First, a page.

Expert Reviews – Mkomazi NP
Philip is an acclaimed travel writer and author of many guidebooks, including the Bradt guides to Uganda, Tanzania, Kenya and South Africa.
In the shadow of Kilimanjaro
Despite its close proximity to Moshi and Kilimanjaro, this 3,700 sq km extension of Kenya’s vast Tsavo National Park ranks among the most neglected of Tanzania’s protected areas. In truth, it doesn’t really offer a game viewing experience to compare with most other parks in Tanzania, but it will appeal to relaxed safari-goers who really want to escape the tourist treadmill. Among the animals most likely to be seen are elephant, giraffe, dry-country antelope such as gerenuk and lesser kudu, and several dry-country birds at the southern extent of their range. Scenically, the park comes into its own when nearby Kilimanjaro emerges from its cloudy shroud, usually in the late afternoon and early morning.
Brian is an award winning travel writer, author of safari books and regular contributor to magazines such as BBC Wildlife and Travel Africa.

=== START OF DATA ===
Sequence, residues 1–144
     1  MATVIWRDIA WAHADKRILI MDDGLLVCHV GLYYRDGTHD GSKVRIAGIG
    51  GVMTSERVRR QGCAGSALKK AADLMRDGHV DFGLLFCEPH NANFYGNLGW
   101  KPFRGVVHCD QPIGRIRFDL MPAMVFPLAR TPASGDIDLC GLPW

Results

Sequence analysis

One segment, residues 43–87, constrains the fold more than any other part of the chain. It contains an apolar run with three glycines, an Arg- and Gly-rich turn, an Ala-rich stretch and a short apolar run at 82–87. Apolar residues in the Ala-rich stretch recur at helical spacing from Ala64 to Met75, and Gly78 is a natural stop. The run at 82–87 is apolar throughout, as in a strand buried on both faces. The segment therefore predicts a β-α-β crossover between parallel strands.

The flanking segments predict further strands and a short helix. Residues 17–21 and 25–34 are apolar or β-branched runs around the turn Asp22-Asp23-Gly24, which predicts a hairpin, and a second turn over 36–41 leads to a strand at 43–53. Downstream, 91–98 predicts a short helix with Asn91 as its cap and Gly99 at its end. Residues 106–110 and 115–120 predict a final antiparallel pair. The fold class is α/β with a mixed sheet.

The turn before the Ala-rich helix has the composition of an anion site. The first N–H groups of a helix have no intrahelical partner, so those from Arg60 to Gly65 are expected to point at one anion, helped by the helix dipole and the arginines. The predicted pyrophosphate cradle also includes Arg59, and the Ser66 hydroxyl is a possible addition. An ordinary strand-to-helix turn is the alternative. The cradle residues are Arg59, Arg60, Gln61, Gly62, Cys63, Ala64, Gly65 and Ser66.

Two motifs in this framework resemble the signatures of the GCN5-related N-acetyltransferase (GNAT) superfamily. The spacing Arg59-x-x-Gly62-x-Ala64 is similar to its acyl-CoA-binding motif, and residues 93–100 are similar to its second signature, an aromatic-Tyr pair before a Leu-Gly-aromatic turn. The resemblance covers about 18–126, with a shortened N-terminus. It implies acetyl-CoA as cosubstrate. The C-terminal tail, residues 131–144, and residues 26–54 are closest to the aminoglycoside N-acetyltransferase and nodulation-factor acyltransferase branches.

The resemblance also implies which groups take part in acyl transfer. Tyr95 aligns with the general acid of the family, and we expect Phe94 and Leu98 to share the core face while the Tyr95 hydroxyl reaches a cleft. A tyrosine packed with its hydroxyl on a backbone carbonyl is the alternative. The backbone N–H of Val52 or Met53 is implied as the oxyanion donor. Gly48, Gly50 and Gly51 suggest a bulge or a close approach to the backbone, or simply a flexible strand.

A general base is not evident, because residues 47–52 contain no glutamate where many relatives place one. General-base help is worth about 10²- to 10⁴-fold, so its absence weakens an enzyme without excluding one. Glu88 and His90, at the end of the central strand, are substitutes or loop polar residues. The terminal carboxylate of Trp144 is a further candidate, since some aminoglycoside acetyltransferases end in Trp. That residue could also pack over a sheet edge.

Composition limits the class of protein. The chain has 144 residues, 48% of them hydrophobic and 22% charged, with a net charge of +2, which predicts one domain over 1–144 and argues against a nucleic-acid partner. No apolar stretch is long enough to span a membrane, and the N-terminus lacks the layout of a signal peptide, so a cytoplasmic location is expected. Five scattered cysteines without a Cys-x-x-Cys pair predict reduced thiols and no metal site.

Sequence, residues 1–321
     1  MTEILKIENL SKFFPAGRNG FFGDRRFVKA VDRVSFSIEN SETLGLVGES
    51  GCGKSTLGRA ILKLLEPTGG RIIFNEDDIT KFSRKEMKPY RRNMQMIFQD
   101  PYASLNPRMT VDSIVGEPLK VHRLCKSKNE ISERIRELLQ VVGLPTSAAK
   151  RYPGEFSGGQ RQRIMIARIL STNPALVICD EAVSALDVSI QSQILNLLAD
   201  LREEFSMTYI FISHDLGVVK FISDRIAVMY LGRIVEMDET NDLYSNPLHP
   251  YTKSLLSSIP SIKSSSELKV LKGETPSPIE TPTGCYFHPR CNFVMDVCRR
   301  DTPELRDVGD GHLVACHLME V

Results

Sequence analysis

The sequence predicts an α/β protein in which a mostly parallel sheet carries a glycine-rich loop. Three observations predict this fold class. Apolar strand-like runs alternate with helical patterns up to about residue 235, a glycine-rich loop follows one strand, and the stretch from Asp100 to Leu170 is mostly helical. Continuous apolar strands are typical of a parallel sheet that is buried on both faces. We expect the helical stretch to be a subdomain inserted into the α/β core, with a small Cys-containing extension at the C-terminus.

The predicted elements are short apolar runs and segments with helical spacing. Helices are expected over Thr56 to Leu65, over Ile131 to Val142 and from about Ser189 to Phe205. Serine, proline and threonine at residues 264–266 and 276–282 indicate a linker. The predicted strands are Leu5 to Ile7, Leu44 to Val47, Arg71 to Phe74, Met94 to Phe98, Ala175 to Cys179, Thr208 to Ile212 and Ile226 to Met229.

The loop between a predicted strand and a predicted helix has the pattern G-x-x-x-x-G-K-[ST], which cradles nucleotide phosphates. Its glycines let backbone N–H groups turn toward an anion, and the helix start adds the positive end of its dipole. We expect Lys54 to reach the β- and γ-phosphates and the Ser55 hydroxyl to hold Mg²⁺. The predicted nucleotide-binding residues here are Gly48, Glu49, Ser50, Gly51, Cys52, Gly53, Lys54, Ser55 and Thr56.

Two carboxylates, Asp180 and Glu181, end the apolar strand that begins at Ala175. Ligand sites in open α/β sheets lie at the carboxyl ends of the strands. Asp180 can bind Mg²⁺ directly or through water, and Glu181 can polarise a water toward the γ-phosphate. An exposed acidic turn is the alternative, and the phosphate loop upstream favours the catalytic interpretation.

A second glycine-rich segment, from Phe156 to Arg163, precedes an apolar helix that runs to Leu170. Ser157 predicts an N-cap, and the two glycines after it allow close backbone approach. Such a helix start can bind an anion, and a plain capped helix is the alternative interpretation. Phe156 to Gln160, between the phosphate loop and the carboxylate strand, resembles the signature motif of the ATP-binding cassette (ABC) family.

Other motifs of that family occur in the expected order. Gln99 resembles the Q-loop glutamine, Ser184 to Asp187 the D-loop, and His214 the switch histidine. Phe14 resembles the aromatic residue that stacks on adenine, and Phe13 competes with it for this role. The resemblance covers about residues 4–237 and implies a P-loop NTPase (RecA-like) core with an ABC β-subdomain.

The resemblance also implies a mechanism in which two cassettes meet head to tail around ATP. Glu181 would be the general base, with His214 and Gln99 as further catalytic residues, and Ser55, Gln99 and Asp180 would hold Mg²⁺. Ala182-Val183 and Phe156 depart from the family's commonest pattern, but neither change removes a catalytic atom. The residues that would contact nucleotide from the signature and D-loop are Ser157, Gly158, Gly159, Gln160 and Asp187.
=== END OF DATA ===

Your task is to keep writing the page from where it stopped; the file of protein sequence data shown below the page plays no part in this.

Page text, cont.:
Tanzania’s Newest National Park
Twenty years ago Mkomazi was a clapped-out game reserve on the point of collapse.
Today it is a magnificent, 1,500 square mile wilderness raised to full national park status due to the hard work and determination of a dedicated team of Tanzanians led by Tony Fitzjohn, who formerly worked with in Kenya with George Adamson and his lions. Mkomazi means “place of no water” – a perfect description of this classic dry-country park whose thornbush, baobabs and rocky hills share a common frontier with Kenya’s vast Tsavo national park, forming one of the largest ecosystems on earth.
Elephant, gerenuk and lesser kudu find refuge here, together with well over 200 bird species including the martial eagle and golden-breasted starling; but game is still scarce and big cats seldom seen. In short, this is a park for lovers of space and solitude and truly wild landscapes with huge views extending all the way to Kilimanjaro.